29% of registered voters agree that 'armed revolution' might be necessary to protect liberty

Rick Moran
A poll conducted by Farleigh Dickenson University found that 29% of registered voters agreed with the statement, "In the next few years, an armed revolution might be necessary in order to protect our liberties."

CNS News:

Twenty-nine percent said they agreed, 47 percent said they disagreed, 18 percent said they neither agreed nor disagreed, 5 percent said they were unsure, and 1 percent refused to respond.

Results of the poll show that those who believe a revolution might be necessary differ greatly along party lines:

  • 18 percent of Democrats
  • 27 percent of Independents
  • 44 percent of Republicans

The poll found that 38 percent of Americans who believe a revolution might be necessary support additional gun control legislation compared to 62 percent of those who don't think an armed revolt will be needed.

Dan Cassino, a professor of political science at Fairleigh Dickinson and analyst for the poll, says:

"The differences in views of gun legislation are really a function of differences in what people believe guns are for.  If you truly believe an armed revolution is possible in the near future, you need weapons and you're going to be wary about government efforts to take them away."

First, it is important to note that the 29% who agree with the statement in no way support the idea of armed revolution. They simply agree with the poll question.

Second, the professor is on to something. There was a lot of unnecessary hysteria generated on the anti-gun control side, claiming the government was going to go after anyone with a gun - eventually or in the immediate future. While there may be legitimate slippery slope arguments about what was in the bill, such fears were unfounded given the the actual legislation and what was being proposed. But if you believed the NRA and others who claimed the government was coming for your guns, it would seem logical to assume that such a move would be resisted with armed might.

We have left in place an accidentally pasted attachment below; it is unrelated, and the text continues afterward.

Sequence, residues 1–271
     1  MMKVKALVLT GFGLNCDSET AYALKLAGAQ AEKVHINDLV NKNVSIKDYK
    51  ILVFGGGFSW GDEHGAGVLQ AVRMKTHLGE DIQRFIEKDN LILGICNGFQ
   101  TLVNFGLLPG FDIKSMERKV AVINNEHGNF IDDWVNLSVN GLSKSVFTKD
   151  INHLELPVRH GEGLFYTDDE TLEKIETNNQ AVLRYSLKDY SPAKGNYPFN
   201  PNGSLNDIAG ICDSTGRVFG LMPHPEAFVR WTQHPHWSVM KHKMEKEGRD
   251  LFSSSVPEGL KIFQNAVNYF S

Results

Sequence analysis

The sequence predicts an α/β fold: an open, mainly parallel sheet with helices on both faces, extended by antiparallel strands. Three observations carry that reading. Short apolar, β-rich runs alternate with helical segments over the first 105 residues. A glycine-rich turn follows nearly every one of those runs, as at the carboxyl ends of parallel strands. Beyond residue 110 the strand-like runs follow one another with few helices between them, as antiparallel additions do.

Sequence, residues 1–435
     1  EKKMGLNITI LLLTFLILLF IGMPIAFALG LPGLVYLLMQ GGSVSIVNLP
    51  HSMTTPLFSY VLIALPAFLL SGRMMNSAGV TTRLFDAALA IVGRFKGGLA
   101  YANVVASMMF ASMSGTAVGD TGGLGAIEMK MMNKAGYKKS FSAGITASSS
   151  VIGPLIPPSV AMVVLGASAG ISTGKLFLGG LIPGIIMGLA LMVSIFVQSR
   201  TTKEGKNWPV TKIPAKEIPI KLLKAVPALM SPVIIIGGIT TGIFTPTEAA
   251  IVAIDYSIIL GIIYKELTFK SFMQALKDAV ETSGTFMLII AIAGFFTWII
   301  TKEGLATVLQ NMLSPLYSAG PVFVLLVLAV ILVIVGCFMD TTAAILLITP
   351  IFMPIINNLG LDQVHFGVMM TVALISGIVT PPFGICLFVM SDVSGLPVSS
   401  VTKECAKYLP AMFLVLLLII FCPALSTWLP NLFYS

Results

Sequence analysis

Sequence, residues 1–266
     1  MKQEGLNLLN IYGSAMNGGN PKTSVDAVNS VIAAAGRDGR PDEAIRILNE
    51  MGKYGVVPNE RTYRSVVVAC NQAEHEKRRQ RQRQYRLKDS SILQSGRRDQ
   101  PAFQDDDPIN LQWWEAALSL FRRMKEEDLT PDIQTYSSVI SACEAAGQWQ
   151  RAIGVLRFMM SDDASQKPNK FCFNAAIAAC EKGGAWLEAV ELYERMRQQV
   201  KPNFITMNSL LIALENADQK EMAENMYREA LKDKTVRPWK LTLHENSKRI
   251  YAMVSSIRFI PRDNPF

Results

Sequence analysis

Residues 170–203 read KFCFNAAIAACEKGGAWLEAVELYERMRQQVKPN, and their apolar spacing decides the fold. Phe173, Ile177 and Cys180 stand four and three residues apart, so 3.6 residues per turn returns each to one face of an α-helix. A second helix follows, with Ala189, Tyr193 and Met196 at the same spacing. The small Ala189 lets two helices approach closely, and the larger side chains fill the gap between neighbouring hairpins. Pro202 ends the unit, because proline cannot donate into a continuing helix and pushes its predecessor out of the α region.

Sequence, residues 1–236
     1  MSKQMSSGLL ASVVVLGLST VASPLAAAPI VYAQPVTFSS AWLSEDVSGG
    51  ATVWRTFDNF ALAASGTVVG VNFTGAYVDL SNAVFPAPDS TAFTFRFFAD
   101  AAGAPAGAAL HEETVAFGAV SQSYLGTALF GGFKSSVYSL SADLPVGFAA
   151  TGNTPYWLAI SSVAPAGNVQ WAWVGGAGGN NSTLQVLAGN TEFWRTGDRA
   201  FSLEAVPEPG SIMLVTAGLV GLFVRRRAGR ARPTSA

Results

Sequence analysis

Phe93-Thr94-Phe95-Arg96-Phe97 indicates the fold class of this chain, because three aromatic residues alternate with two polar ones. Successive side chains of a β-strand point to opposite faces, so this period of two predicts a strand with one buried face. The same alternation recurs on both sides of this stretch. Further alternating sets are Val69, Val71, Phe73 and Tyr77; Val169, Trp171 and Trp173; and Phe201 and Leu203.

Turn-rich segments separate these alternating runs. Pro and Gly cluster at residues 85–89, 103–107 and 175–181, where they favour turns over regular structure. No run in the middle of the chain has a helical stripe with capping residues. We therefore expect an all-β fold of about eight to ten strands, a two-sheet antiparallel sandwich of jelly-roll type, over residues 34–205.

The left will make a big deal out of 44% of Republicans agreeing with the statement, but since the overwhelming majority of the party opposed the recent gun control bill, we should probably be surprised it wasn't higher.

The bottom line is that the chances for an armed revolution are extremely small because the chances of the government going gun grabbing are equally slim.


A poll conducted by Farleigh Dickenson University found that 29% of registered voters agreed with the statement, "In the next few years, an armed revolution might be necessary in order to protect our liberties."

CNS News:

Twenty-nine percent said they agreed, 47 percent said they disagreed, 18 percent said they neither agreed nor disagreed, 5 percent said they were unsure, and 1 percent refused to respond.

Results of the poll show that those who believe a revolution might be necessary differ greatly along party lines:

  • 18 percent of Democrats
  • 27 percent of Independents
  • 44 percent of Republicans

The poll found that 38 percent of Americans who believe a revolution might be necessary support additional gun control legislation compared to 62 percent of those who don't think an armed revolt will be needed.

Dan Cassino, a professor of political science at Fairleigh Dickinson and analyst for the poll, says:

"The differences in views of gun legislation are really a function of differences in what people believe guns are for.  If you truly believe an armed revolution is possible in the near future, you need weapons and you're going to be wary about government efforts to take them away."

First, it is important to note that the 29% who agree with the statement in no way support the idea of armed revolution. They simply agree with the poll question.

Second, the professor is on to something. There was a lot of unnecessary hysteria generated on the anti-gun control side, claiming the government was going to go after anyone with a gun - eventually or in the immediate future. While there may be legitimate slippery slope arguments about what was in the bill, such fears were unfounded given the the actual legislation and what was being proposed. But if you believed the NRA and others who claimed the government was coming for your guns, it would seem logical to assume that such a move would be resisted with armed might.

The left will make a big deal out of 44% of Republicans agreeing with the statement, but since the overwhelming majority of the party opposed the recent gun control bill, we should probably be surprised it wasn't higher.

The bottom line is that the chances for an armed revolution are extremely small because the chances of the government going gun grabbing are equally slim.